1:06	Jerryd Bayless misses 25-foot three point jumper
0:28	Tony Allen blocks Leandro Barbosa's layup
0:01	Jerryd Bayless misses 28-foot three point jumper

The Raptors went three-happy at the wrong time in the game, you can call it good defending, bad shooting, or settling, just pick one. Whatever it may be, it was the result of not having a double-team threat on the floor.

Barbosa had a couple “Detroit moments” and DeRozan scored on a drive to cut it to 7 midway through the fourth and then another bad stretch of offense hit us:

5:20	Linas Kleiza turnover
4:54	Jose Calderon lost ball (Tony Allen steals)
4:22	DeMar DeRozan turnover
4:09	Joey Dorsey misses free throw 1 of 2
4:09	Joey Dorsey misses free throw 2 of 2

It’s quite simple, bad defensive teams which concede a high FG% and can’t defend without fouling can’t afford to have cold spells. The lead stretched to as many as 15 and it ended with an expected but disappointing loss. I’ll end by talking a little about DeMar DeRozan, statistically he had a decent game, 7-13 for 18 points, but some of the things I saw out there were very worrying. He’s very unsure of himself when he’s driving and considering his passing options, it’s like he loses confidence in himself with every dribble he takes. On a symbolic first-half drive, he drove the ball right into the paint and had a chance at a floater, but instead chose to pass it to the wing and got it picked off. Once on the break he hung on to the ball for so long, that would should have been an easy two turned out to be a deflected pass and a missed shot. At this stage in his career, I’d rank his basketball IQ below average, and what’s disappointing is that considering the amount of playing time he’s received to start his career, I thought he’d be better. I won’t even mention his defense, you simply can’t let Tony Allen juke you.

Tonight the Raptors are in Dallas, a place where the Raptors haven’t registered a win in the last decade (here’s the last one). The Mavericks did drop home games to Memphis and Milwaukee, but it’s going to be tough bordering on impossible. In fact, with Houston, Boston and Chicago to follow after that, the next realistic chance at a win will be away to Cleveland on January 5th. Right now the Raptors have lost 9 of 11, it could very easily be 13 of 15.

Try not to lose it. Think of the rebuilding.

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23 Responses to “Good start, bad rest of the game”

  1. Milesboyer

    I’ve watched almost every game for the last six years, this year I’m growing a new limb of indifference.

  2. c_bcm

    I didn’t watch this game. But i’m beginning to lose faith in our young talent. This is a good chance for the younger players to play above their scouting reports and show everyone what they can become. Even flashes. Not sure i’ve seen too much of that in the past 15 or so games.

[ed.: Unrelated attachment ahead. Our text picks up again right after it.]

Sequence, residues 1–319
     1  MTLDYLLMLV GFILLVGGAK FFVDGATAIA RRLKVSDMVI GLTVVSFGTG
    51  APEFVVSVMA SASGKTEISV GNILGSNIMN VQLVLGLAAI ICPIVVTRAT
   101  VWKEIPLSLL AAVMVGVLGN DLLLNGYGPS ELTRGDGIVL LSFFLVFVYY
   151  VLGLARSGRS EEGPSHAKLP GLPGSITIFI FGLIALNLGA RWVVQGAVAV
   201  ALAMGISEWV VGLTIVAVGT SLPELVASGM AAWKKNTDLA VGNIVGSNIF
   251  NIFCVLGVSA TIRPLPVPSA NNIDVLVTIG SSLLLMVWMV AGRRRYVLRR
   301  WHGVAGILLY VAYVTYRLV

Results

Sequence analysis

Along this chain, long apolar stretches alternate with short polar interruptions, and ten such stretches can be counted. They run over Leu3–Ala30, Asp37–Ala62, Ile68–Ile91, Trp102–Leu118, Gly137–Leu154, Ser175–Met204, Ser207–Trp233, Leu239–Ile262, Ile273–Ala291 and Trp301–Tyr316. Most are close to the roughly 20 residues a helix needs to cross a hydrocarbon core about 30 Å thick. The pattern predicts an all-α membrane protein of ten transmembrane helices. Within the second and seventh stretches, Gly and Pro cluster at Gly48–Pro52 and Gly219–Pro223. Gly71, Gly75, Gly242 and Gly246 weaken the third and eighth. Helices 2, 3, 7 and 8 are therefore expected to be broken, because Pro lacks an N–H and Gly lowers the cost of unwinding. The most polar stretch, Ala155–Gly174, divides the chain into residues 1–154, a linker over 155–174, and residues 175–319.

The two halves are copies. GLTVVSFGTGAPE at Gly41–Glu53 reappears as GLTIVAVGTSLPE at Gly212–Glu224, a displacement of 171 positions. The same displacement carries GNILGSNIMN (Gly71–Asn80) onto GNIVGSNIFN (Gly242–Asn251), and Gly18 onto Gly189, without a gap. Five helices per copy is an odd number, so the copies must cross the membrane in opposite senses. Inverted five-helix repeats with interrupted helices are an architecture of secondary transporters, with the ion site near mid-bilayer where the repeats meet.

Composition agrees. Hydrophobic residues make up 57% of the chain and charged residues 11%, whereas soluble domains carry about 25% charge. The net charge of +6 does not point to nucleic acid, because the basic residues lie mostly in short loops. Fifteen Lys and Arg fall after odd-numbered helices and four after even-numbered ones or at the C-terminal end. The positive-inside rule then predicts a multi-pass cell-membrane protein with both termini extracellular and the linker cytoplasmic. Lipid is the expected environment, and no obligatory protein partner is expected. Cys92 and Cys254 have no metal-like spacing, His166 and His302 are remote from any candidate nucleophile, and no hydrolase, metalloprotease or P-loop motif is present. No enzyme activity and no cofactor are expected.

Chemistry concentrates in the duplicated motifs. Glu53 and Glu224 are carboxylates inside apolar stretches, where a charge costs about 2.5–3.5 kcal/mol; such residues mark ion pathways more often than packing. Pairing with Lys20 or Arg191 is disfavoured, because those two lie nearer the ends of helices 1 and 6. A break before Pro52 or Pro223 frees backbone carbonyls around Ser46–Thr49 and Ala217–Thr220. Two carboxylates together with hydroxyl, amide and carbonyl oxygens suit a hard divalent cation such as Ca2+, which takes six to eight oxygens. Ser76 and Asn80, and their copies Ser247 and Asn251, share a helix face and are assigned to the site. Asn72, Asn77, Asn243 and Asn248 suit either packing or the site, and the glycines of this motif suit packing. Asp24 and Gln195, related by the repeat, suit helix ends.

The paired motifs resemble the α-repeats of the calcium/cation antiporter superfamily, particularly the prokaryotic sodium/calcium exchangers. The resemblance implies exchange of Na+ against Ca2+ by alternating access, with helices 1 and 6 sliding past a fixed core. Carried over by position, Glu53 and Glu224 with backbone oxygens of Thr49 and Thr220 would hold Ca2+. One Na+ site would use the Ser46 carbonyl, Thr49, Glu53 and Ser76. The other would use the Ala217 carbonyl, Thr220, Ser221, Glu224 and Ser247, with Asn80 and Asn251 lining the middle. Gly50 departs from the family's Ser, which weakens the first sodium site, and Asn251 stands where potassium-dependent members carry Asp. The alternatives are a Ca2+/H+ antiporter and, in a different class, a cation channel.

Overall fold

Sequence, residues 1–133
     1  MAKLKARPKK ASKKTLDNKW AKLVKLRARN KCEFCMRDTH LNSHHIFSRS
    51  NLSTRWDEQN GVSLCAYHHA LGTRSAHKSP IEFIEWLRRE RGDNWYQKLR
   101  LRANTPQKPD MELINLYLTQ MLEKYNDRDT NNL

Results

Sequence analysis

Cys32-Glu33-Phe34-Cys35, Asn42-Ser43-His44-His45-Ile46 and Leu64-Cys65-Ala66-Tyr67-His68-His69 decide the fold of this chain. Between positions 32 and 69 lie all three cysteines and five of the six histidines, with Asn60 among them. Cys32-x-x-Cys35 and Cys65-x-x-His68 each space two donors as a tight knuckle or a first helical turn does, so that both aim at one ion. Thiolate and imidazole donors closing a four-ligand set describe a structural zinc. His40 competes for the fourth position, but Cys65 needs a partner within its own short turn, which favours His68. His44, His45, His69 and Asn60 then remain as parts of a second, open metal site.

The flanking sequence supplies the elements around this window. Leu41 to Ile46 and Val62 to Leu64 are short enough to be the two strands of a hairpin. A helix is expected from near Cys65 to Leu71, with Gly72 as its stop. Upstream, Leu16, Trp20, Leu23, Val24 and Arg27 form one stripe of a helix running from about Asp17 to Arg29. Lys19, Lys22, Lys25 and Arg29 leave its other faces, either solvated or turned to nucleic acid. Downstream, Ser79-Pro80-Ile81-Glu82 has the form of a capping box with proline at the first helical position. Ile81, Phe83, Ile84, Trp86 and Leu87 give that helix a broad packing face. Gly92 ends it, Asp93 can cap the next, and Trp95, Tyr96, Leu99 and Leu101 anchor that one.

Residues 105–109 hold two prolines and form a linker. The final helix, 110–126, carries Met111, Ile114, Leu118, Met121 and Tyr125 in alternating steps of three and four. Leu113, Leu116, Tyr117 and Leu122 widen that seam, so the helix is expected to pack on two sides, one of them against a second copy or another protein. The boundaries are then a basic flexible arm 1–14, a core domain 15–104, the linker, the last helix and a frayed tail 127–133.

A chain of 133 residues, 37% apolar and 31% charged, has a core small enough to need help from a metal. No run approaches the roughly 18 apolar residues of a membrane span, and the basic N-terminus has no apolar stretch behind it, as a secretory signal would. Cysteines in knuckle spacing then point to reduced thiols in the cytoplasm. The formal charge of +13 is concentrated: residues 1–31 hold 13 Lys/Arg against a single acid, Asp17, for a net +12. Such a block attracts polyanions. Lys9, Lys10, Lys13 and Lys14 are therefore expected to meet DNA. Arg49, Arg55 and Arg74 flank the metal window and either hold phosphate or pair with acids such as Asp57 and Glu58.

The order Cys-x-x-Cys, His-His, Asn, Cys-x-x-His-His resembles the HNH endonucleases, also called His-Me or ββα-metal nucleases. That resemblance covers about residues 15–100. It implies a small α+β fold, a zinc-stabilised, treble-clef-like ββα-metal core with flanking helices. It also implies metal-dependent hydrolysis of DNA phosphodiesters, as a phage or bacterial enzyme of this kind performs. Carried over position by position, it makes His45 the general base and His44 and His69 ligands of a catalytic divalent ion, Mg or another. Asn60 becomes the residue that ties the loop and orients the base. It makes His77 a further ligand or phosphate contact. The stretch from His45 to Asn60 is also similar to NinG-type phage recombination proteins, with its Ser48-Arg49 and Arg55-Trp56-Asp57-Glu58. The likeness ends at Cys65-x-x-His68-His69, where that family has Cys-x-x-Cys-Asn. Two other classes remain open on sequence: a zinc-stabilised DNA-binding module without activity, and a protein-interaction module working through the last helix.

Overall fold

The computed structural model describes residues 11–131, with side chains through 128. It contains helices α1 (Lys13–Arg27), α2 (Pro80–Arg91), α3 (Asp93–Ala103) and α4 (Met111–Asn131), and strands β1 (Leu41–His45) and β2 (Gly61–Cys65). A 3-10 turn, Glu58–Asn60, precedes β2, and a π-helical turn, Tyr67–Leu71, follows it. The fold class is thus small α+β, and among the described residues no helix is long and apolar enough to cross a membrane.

The only saving grace that i’ve seen recently is Amir. The guy just goes out and plays, gives you whateer he’s got and stays within himself most of the time. Not sure about any of our wings though.

  3. Daniel

    We are debating the merits of tanking on online forums without too much consideration for the real life. Let’s consider the economics of tanking. In a hockey (aqnd partially soccer) city like Toronto losing will bring a loss of revenues for the basketball business. Less revenues means that real people will lose their jobs as well as there will be no new hiring, part-time or full-time. Everyone who supports “tanking” or “rebuilding through draft” should buy season tickets or merchandise to support the organization. Otherwise they are hypocrites.
    In the same time organizations have long-term memories. Even when times are good they are so scarred by the threat of survival during bad times that they will not fully invest even during good times.
    The only real hope for a tanking organization is the promise (the sell of the promise) that there is a LeBron or Howard or Griffin at the end of the tunnel. In reality only one team will snatch that player. In addition some drafts are weak with no clear-cut nr. 1 pick. In other words, all the losing is for nothing. It will be very hard to re-build the basketball interest in the city after years of suckitude. I’m afraid we are on the path to irrelevance for a while. I just cannot believe how bad has Colangelo been for this organization.

    • Nilanka15

      Even before the season started, it was safe to assume that we would not be a playoff team. In other words, a magnitude of losses was inevitable given this broken/flawed roster.

      So the question becomes, do you play the older players more minutes in an effort to win 30 games (which does nothing to sell tickets NOR improve the franchise), or do you play the kids more minutes for evaluation purposes, win 20 games, but gives us the CHANCE to significantly improve this team via the draft? Both scenarios involve a diminished fan-base.

      What you call “tanking”, and I call “rebuilding” is the far lesser of 2 evils.

      • Daniel

        Toronto is not Oklahoma or Atlanta or Chicago. Chicago did enjoy a lot of success, Atlanta and Oklahoma have excellent young players. It’s OK to develop and evaluate 1 or maybe 2 young players in an NBA roster. When the entire roster is made of young players it is like betting in a casino: young teams have never had any success in NBA.
        Fans like the hope of winning: the certitude of losing turns off fans en masse. The debate is not theoretical: it has real consequences in the real life in terms of jobs, revenues and patronage. Anyone who supports tanking should be given the task to hand out a pink slip to a person who did nothing wrong. The management screw up big time however they will end up pretty well, I’m sure.